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Take control of your assets and legacy
The best time to start thinking about estate planning isn’t when you’re retiring. It’s right now. There’s no wealth requirement and no minimum age. An estate plan simply clarifies how you would like your assets divided up after you are no longer living. Your plan can always change, but without one in place, the state makes decisions on your behalf.
Your estate is comprised of everything you own— your car, home, other real estate, checking and savings accounts, investments, life insurance, furniture, personal possessions.To ensure your wishes are carried out, an estate plan provides instructions stating whom you want to receive something of yours, what you want them to receive, and when they are to receive it.
There is comfort in knowing what will happen when you move on.
A Will is an enforceable document that declares of how a person wants his or her property or assets to be distributed after death. Wills are also used to appoint a guardian for minor children and ensure arrangements for any surviving pets. If you were to die without leaving a will, the distribution of your property can be left up to the government, and may even end up becoming the property of the state. A Will ensures that your wishes are carried out, and it can make things easier for your heirs.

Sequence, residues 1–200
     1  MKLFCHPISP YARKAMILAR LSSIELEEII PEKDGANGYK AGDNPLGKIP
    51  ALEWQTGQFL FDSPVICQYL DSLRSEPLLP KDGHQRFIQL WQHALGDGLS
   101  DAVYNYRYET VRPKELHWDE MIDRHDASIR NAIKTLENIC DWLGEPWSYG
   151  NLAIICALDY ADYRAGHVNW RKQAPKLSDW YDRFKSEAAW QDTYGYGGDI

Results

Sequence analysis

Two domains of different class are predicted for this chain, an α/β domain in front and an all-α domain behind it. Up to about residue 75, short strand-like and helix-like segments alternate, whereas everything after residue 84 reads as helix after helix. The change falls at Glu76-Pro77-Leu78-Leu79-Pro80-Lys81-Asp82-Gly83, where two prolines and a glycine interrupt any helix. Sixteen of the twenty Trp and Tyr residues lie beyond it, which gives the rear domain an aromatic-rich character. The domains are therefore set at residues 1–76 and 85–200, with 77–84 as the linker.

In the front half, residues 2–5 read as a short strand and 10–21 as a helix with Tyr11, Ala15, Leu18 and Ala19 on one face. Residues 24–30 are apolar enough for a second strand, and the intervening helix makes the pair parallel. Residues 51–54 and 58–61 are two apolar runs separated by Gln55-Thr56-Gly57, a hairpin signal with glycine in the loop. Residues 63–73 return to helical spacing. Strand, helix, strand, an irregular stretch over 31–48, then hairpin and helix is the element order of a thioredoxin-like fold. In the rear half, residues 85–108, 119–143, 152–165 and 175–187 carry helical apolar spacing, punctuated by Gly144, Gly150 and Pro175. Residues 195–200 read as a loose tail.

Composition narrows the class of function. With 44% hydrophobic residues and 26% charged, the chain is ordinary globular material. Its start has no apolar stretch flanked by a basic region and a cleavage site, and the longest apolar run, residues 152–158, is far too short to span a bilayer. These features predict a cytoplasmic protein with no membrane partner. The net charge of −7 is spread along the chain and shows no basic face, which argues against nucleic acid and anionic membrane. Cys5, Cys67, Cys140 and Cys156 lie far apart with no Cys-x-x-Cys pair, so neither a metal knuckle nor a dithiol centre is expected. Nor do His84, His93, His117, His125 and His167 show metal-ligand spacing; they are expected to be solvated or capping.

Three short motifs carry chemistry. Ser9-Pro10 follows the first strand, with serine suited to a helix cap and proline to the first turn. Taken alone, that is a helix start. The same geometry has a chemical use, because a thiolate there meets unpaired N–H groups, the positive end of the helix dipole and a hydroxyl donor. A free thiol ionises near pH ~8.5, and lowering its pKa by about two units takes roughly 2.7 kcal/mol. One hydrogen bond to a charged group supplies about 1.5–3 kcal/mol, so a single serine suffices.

Trust funds allow a grantor to establish specifically designated funds that provide financial security to an individual, most often a child or grandchild, or organization, like a charity or other nonprofit. Trust funds can help you establish financial security for your children, minimize death taxes and in the process preserve your children’s own capital.
POWER OF ATTORNEY
Power of attorney is a legal document giving one person the power to act on behalf of another person. This legal document can authorize broad legal authority or limited authority allowing legal decisions to be made on the principal’s property and finance. The power of attorney is often used in the event of a principal’s illness or disability, or when the principal can’t be present to sign necessary legal documents for financial transactions.
Transfer On Death or TODs allow beneficiaries to receive assets like stocks, bonds or brokerage accounts at the time of the account owner’s death without going through probate and allows the account holder or security owner to specify the percentage of assets each designated beneficiary receives. With a TOD, the named beneficiaries cannot access or control the account holder’s assets as long as the person is alive.
OUR ESTATE PLANNING EXPERT
Kathleen A. Cassidy, J.D.
Vice President, Advanced Markets
Kate provides case design support in the areas of estate and business planning. She assists financial representatives in creating sophisticated personalized strategies for individuals, families, and businesses.